Finding the Center of a CircleDate: 5/29/96 at 15:3:49 From: Anonymous Subject: Circle centers How do you find the center of a circle, knowing nothing about it except its physical shape? Please help! Date: 5/29/96 at 16:0:43 From: Doctor Pete Subject: Re: Circle centers If you have a straight edge (unmarked ruler) and a compass, it is easy to locate the center of a circle. Draw any line L through the circle, so it intersects the circle at A and B. Then with the compass, find the perpendicular bisector of AB, which will intersect the circle at C and D. Clearly, CD is a diameter, so if you bisect CD at point O, O is the center of the circle. -Doctor Pete, The Math Forum Check out our web site! http://mathforum.org/dr.math/ Date: 5/29/96 at 21:59:41 From: Anonymous Subject: Finding the Center of a Circle Thanks so much. Do you think this would work as well: Take two parallel tangents to a circle. Draw the segment that runs through the points of tangency. This is the diameter. Is this true? Date: 5/30/96 at 14:37:11 From: Doctor Darrin Subject: Re: Finding the Center of a Circle The line that you described would be a diameter. To see this, we have to show that it passes through the center of the circle. So, construct two lines, one passing through each point of tangency, and both passing through the center of the circle. Both of these lines will be perpendicular to the tangent line at the point of tangency; since the tangent lines are parallel, the two lines that we construct are parallel. However, they both pass through the same point (the center), so they must be the same line. This line passes through both points of tangency and the center, so it is a diameter, since it is the unique line passing through the two points of tangency. So we are done. -Doctor Darrin, The Math Forum Check out our web site! http://mathforum.org/dr.math/ Hi Dr. Pete, I thought you'd like to hear a real application of your solution. I was trying to move a doorknob from an old door to a new one. When a doorknob is purchased new, it comes with a paper template that the builder can fold over the edge of the door. The template indicates exactly where to drill the big hole in the door by an X to mark the center of where the hole should be. But with an old doorknob, I had to create my own template from the old door. First I folded a blank paper over the edge of the old door and traced the outlines of the old hole. This gave me the circle to be drilled, but not the center. Then I used your method to mark the center of the circle. Then I folded the new template over the edge of the new door and drilled where I had marked. And it worked perfectly! Thanks for your solution! And for the whole site. Warren S. Wolfeld |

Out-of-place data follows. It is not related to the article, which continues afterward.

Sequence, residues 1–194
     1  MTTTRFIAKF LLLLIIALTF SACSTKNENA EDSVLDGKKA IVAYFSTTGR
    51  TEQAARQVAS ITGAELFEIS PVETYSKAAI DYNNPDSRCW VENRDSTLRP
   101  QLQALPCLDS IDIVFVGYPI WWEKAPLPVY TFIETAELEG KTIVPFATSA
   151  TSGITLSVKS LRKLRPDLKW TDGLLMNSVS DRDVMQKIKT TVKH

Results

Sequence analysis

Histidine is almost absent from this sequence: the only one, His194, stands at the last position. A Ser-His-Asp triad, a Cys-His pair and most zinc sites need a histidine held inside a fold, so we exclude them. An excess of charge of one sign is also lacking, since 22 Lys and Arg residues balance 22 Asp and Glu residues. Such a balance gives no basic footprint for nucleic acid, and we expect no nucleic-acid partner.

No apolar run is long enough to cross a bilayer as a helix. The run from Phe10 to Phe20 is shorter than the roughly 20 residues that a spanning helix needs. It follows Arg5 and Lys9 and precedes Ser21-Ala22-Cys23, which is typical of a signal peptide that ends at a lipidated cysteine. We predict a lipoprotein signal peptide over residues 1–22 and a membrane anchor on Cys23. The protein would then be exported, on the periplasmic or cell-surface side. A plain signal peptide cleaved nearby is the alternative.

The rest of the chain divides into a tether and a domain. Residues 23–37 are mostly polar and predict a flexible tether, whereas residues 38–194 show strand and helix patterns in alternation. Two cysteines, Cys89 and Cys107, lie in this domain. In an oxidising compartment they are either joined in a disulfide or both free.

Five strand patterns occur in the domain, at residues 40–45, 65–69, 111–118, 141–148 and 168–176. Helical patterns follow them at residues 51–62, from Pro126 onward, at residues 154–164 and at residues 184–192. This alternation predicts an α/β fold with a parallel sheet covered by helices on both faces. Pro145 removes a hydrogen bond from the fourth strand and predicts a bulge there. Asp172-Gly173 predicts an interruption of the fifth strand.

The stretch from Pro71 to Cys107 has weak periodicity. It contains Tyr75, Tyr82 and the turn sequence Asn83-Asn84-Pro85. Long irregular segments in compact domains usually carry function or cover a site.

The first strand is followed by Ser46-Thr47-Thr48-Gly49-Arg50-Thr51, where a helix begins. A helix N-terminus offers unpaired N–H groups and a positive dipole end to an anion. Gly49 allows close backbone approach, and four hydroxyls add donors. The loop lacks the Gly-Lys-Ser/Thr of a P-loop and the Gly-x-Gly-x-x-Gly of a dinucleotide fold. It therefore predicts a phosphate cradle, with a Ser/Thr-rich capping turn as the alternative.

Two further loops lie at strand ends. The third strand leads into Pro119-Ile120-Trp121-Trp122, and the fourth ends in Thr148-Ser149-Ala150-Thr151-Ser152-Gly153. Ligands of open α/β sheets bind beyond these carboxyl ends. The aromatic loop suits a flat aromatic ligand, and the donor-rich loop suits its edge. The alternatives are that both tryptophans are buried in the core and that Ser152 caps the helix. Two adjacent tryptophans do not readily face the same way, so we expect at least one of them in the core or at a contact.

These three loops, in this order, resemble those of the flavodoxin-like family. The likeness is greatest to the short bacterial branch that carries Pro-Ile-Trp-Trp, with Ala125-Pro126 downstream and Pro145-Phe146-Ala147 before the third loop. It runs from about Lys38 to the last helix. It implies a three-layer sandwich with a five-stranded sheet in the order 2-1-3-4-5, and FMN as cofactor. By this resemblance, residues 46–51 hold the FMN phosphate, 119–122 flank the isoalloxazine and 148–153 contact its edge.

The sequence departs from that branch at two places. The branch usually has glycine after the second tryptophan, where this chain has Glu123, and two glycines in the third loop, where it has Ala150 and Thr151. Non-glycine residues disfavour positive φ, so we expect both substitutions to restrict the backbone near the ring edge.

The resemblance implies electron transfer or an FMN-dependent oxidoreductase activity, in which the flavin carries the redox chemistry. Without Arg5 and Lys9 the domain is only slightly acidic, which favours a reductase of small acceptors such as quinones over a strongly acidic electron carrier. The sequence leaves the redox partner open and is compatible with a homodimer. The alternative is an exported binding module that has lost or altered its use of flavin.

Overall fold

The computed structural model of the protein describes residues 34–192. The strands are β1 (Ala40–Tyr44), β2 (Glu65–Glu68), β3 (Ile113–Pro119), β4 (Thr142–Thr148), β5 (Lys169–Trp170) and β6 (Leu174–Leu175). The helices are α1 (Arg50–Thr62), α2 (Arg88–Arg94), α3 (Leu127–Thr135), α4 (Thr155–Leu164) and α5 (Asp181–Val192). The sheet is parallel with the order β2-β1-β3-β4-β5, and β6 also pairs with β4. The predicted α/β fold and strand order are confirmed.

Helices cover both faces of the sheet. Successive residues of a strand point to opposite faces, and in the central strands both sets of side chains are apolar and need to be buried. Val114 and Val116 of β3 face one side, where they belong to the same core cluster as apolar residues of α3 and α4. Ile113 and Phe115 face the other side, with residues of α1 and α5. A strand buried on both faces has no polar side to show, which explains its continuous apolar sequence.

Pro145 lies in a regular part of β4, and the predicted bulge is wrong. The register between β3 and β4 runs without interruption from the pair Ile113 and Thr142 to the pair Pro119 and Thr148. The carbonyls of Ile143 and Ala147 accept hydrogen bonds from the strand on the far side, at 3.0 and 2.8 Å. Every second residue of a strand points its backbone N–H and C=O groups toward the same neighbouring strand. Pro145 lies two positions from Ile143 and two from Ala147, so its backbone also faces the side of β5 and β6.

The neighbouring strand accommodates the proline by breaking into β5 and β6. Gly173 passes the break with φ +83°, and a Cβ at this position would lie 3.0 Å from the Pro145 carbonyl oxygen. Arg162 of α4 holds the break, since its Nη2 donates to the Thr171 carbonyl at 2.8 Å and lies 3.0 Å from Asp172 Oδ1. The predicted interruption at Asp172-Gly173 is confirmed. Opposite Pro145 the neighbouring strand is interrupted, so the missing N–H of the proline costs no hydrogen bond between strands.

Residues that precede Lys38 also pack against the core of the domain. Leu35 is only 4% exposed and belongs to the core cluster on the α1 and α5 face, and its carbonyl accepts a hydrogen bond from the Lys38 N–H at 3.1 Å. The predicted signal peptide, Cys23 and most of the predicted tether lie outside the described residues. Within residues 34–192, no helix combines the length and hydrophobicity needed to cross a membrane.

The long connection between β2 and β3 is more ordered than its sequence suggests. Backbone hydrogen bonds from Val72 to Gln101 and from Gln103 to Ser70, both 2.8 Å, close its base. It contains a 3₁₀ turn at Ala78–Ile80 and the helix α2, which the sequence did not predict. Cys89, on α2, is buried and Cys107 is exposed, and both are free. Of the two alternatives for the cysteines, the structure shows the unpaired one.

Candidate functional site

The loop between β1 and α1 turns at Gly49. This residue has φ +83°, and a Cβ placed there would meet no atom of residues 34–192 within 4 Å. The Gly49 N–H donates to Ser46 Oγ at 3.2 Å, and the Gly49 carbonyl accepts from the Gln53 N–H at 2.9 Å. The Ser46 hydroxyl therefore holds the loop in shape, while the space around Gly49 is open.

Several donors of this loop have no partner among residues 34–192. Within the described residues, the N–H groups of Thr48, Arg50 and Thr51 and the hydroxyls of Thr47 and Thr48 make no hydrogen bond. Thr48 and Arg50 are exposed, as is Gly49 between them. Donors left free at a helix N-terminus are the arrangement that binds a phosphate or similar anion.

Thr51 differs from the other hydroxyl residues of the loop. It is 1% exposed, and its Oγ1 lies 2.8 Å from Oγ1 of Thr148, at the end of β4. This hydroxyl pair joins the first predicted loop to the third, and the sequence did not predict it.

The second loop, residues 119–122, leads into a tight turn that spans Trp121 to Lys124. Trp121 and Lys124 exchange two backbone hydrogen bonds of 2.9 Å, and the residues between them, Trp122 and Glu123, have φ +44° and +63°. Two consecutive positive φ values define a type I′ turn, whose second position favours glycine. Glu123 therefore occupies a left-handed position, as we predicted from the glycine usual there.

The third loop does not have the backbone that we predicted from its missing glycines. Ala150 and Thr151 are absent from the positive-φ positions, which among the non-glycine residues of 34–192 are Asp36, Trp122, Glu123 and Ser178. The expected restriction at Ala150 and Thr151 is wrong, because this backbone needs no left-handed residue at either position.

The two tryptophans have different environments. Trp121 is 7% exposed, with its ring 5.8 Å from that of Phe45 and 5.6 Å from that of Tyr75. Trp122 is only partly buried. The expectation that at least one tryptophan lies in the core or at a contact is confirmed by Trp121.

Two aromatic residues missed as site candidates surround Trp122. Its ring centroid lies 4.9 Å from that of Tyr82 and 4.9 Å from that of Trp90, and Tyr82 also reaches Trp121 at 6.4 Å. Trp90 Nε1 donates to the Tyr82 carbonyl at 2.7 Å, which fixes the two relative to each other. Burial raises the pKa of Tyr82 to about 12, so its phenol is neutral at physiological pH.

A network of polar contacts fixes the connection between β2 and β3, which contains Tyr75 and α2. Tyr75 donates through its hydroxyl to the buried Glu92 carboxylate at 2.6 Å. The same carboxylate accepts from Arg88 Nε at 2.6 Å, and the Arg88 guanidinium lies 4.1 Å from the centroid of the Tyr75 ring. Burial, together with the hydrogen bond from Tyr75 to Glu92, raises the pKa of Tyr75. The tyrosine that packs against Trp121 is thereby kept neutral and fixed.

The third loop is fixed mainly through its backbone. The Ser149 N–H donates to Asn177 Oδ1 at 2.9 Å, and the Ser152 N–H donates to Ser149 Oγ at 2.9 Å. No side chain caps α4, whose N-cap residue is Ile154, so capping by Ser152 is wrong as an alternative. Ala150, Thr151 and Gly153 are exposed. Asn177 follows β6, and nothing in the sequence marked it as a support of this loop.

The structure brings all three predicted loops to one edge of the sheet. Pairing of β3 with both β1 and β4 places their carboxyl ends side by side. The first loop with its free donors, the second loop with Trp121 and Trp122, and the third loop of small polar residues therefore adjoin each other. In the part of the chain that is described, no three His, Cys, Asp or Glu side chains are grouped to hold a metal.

Search the Dr. Math Library: |
[Privacy Policy] [Terms of Use]
Ask Dr. Math^{TM}
© 1994-2013 The Math Forum
http://mathforum.org/dr.math/